Graeme Shinnie may have scored the only goal of game but there was no doubt Aberdeen deserved their place in the last four of the Scottish Cup, where the luck of the draw paired them with Hibs.
No disrespect to the current holders but there’s no doubt Dons manager Derek McInnes would have arranged for just that outcome had he been able to influence the pairings for the semi-finals and he will be confident of taking the club to a first final in 17 years.
They did lose the last time the teams met at that stage of the competition when Leigh Griffiths scored a late winner in 2012 but this is a much better Aberdeen team than the one Craig Brown was in charge of back then.
They showed that with a performance of strength, determination and enough skill to edge a victory that was more comfortable than the scoreline reflected against opposition reduced to ten men when Danny Devine was sent off in stoppage time for a second yellow card.
That goal remains the only one Partick Thistle have conceded in 450 minutes of football but the history, ancient and modern, suggested this would be the outcome as you have to go back to 1930 for Partick Thistle’s only Scottish Cup win in what is now nine attempts against Aberdeen and their recent league record isn’t any better.
The Dons have now won eight in an unbeaten sequence of ten meetings and the Jags’ manager Alan Archibald must have feared as much when the draw was made despite a four game winning run heading into the tie.
What’s more they hadn’t conceded a single goal in all that time but the significant fact was Aberdeen had been the last team to breach that defence when Ryan Christie scored in stoppage time at Pittodrie last month.
It seemed inevitable the Dons would end that sequence although the source of the strike was much less predictable as Shinnie claimed a rare goal with a strike of real quality to stop the clock at 403 minutes without loss.
The man who captained Inverness Caley Thistle to success in the competition two years ago pointed his current club towards the last four by cleverly opening up the angle for a left foot shot from inside the “D” that curled into the bottom corner of the net.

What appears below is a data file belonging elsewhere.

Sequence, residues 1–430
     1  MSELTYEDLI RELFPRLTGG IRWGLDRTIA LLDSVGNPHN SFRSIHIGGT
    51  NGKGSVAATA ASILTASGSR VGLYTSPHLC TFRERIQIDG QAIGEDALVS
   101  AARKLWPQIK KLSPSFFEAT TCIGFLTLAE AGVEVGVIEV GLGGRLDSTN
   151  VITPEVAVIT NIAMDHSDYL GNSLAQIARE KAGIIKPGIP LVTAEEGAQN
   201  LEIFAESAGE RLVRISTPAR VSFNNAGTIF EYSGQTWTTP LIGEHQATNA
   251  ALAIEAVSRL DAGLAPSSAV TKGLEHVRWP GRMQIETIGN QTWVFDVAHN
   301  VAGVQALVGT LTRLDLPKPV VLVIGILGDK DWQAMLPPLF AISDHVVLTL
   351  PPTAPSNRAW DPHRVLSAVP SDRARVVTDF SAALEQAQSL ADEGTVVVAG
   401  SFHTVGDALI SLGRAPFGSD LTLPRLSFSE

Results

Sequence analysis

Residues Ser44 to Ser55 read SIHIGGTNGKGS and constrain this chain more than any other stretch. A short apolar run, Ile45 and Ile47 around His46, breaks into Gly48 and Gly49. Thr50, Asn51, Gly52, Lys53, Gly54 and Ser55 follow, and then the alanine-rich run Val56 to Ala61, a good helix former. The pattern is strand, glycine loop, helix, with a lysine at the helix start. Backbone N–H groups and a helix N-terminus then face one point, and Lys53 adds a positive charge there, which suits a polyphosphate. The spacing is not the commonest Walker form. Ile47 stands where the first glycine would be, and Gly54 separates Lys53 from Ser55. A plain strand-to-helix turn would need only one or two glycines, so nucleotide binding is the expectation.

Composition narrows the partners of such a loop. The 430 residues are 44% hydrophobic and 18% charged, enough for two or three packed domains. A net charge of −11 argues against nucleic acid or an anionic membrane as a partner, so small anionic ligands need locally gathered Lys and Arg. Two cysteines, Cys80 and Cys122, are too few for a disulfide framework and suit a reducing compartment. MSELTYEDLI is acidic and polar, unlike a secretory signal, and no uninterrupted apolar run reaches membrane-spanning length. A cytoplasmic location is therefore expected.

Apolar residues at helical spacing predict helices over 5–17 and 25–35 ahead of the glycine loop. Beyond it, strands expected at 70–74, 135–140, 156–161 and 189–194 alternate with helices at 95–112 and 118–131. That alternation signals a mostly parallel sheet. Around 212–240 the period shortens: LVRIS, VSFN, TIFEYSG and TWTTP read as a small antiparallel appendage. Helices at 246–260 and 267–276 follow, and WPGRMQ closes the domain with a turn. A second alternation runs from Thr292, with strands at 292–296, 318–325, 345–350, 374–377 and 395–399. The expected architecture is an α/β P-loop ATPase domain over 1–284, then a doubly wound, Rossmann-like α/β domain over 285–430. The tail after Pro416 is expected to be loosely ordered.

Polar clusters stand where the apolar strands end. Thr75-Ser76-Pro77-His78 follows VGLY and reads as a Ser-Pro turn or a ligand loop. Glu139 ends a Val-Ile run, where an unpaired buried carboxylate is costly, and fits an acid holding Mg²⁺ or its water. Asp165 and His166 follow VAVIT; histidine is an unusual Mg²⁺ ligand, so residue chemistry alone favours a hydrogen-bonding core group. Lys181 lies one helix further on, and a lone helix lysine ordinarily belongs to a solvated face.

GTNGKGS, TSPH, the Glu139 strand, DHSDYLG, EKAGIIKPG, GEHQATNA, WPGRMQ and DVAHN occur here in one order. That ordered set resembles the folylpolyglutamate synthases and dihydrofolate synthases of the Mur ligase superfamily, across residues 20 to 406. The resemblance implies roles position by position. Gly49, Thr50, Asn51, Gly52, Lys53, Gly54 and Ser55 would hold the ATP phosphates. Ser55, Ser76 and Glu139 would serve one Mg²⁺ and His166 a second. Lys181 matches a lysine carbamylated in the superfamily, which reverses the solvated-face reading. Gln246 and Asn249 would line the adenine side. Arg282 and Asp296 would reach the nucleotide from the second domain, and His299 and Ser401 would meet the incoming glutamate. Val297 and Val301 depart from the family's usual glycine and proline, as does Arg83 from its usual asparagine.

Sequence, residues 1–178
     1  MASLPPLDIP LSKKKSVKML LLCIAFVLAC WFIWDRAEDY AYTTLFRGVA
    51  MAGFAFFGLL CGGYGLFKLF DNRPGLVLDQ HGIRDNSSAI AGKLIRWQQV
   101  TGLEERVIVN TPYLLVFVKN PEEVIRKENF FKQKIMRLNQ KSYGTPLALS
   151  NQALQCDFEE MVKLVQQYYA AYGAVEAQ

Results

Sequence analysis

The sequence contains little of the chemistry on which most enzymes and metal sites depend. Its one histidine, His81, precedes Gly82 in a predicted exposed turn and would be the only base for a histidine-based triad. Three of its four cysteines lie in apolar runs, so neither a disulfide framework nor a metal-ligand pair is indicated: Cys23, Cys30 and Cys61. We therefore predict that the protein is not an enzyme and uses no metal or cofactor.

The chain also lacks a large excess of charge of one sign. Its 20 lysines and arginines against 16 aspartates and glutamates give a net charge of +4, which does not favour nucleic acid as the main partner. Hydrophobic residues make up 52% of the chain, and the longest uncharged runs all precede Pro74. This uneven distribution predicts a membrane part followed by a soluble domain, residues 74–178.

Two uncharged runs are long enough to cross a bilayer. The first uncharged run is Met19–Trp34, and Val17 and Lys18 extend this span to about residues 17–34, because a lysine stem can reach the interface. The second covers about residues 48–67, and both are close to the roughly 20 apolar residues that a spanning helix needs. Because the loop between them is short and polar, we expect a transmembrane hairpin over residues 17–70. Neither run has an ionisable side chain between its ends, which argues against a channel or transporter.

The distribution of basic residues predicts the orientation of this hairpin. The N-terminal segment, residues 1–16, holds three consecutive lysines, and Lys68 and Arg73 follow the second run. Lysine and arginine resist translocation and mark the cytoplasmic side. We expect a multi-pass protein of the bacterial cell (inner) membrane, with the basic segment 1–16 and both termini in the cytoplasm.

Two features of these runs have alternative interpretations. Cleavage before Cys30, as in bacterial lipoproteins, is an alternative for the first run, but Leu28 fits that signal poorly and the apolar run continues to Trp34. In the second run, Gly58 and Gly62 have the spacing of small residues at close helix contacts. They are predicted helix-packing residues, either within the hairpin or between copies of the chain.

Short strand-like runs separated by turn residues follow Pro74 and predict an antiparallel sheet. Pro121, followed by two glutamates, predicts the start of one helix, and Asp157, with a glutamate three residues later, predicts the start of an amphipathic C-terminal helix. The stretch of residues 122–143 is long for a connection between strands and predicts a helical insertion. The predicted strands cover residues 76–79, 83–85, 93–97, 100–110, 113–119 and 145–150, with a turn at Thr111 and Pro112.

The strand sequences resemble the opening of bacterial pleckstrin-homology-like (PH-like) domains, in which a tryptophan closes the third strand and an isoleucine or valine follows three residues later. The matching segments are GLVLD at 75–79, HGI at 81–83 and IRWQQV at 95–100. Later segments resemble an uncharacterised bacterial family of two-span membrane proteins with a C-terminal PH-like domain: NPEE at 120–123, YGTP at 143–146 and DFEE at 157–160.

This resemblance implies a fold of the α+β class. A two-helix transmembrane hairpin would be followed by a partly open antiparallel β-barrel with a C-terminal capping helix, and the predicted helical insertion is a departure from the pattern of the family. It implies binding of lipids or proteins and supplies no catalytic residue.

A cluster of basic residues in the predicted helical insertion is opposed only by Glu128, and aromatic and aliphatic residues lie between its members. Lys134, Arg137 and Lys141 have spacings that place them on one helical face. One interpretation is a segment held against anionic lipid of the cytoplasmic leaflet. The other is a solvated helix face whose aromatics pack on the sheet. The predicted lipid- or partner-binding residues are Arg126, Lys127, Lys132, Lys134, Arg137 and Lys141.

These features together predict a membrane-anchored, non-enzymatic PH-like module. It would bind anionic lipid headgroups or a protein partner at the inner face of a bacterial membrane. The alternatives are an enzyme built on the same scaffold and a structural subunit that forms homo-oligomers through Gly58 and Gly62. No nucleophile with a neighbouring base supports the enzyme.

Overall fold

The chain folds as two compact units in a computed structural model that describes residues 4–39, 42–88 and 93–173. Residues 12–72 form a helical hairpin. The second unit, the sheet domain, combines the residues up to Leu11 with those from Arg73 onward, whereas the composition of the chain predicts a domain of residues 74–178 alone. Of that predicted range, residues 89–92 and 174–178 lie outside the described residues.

There was certainly no surprise that McGinn was involved in the creation as he was a constant menace throughout a tie in which the visitors defended diligently but rarely held on to possession long enough to pose a threat of their own in attack.
In fact it was significant that until injury time the closest Partick Thistle came to scoring was when Jayden Stockley miscued a clearing header that flew a couple of feet wide of Joe Lewis’s left-hand post.
The one decent chance they created came five minutes into time added on but Abdul Osman failed to steer Ryan Edwards’ back-post free-kick on target but referee Craig Thomson still found time to infuriate Aberdeen in general and Jonny Hayes in particular.
The Irishman picked up the loose ball and with Cerny up for the set-piece he hared the length of the field to take advantage of the unguarded goal at the other end only for the referee to blow the final whistle before he could convert.
That would have given a more realistic sheen to the scoreline as Aberdeen were streets ahead creatively but couldn’t convert that into a larger lead, with Cerny a substantial obstacle when it came to that.
The goalkeeper made a stunning save from a McGinn half volley in the first half and topped that with an instinctive block to keep out an Andrew Considine header after the break as the home side looked progressively more dangerous.
Peter Pawlett hit the side net, Adam Rooney smacked the outside of the post and substitute Anthony O’Connor clattered a six-yard header against the crossbar making it a more nervy finale that it should have been.